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I bought a 6 year old house, and the Previous Owners did basically zero maintenance.

The oven is a Bosch underbench electric unit, and it looks like the glass cap/protector for the interior light has broken off at some point, so they kept using the oven with the lamp exposed. The lamp does turn on when in use. I expect this has been left like this for at least 2 years, maybe up to 6 based on the condition of the rest of the oven.

This leads to a threadded glass ring welded into the fitting by dried/hardened food/oils, and looks like this:

enter image description here enter image description here

I've got the replacement cover already, and its essentially a very short glass jar with one thread around the top so I know this ring should unscrew conventionally.

I've tried blasting it with conventional oven cleaner to dissolve the shite, but its not getting into the threads.

I've tried some other solvents like "Contact 60" an electrical contact cleaner, and some other household liquid cleaners hoping they'd wick up the threads, but that's made no difference.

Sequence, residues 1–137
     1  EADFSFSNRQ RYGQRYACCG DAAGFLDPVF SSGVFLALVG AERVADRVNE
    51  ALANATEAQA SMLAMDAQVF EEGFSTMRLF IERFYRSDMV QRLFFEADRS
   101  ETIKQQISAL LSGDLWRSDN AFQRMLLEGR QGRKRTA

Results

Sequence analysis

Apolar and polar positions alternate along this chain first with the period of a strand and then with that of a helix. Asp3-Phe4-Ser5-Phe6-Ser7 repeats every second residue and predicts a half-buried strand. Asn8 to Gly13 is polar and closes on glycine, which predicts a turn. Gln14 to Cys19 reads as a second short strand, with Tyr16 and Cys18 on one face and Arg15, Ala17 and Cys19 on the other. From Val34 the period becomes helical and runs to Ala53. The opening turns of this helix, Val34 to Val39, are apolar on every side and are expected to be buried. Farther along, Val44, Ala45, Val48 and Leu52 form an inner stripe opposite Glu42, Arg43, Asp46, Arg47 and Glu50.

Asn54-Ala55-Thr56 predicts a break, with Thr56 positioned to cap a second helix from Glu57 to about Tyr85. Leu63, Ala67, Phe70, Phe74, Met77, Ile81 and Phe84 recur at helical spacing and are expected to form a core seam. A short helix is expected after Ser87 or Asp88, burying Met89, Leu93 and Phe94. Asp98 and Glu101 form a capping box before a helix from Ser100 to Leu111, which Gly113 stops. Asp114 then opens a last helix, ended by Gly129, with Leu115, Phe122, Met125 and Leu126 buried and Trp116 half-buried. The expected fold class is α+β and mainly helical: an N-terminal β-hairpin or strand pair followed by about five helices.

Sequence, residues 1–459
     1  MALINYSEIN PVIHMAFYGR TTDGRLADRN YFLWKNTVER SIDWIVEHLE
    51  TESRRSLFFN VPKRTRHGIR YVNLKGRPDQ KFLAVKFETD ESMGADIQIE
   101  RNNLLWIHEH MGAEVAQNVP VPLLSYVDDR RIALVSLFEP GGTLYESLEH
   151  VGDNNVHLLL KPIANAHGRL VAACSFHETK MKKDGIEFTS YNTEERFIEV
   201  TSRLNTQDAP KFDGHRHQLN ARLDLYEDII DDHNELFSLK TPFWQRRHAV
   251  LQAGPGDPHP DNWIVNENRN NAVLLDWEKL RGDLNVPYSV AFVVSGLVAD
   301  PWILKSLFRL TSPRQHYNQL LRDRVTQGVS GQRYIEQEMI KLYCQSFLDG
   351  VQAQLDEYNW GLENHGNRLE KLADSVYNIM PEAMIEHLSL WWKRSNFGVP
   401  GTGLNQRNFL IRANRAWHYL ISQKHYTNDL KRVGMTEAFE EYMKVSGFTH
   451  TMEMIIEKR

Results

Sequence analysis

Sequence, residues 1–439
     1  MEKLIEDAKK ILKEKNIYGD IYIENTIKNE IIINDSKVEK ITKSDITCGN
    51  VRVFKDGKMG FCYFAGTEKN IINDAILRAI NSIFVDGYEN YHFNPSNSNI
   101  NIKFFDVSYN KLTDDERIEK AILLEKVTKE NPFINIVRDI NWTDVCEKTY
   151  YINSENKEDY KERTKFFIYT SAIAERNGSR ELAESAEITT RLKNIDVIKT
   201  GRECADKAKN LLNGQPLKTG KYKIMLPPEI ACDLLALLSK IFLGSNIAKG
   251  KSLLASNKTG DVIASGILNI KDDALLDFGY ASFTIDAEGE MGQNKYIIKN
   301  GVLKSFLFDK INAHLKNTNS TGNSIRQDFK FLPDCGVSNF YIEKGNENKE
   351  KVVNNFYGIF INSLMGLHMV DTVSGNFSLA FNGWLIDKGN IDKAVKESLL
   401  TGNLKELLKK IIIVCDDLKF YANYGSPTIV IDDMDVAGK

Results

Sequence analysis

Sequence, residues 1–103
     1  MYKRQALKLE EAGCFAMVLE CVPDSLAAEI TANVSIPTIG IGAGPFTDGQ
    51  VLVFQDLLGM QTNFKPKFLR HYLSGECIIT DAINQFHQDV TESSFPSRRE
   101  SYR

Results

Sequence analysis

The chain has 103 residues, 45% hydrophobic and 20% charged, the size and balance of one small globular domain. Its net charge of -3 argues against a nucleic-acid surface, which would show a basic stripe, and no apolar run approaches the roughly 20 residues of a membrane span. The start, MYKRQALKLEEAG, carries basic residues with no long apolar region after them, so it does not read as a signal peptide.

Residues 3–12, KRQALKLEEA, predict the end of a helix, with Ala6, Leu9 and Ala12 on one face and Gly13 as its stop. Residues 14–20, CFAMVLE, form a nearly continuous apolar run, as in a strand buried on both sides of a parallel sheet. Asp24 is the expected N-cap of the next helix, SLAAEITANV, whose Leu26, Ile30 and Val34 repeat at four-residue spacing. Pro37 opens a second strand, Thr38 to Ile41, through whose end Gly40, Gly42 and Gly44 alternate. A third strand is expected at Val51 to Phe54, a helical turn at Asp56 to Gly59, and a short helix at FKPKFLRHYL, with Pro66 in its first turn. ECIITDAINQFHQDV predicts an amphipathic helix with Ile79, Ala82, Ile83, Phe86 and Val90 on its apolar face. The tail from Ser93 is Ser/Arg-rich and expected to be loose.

There's around 4mm of "neck" exposed so I can grip it with one hand and rotate, but the whole light fitting is loose, and I don't want to overstress whatever mountpoints are there. The glass is sharp too, so can't put too much pressure on it, even with a teatowel to hold it.

  • Do I have to open the oven and remove the whole light assembly, then work it on the bench?
  • Should I try to break the remaining glass with a hammer, or alternating heat and cold like cutting the neck off a beer bottle? Feels risky.
  • Or do I give up and get a service wallah out to do it?

Edit : Here's the new fitting, to show what the old one will be like:

New fitting

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    An old trick to remove a broken light bulb was to wedge a raw potato into the base of the bulb and rotate. But that doesn't solve your loose fitting issue. – bib Nov 27 '18 at 12:30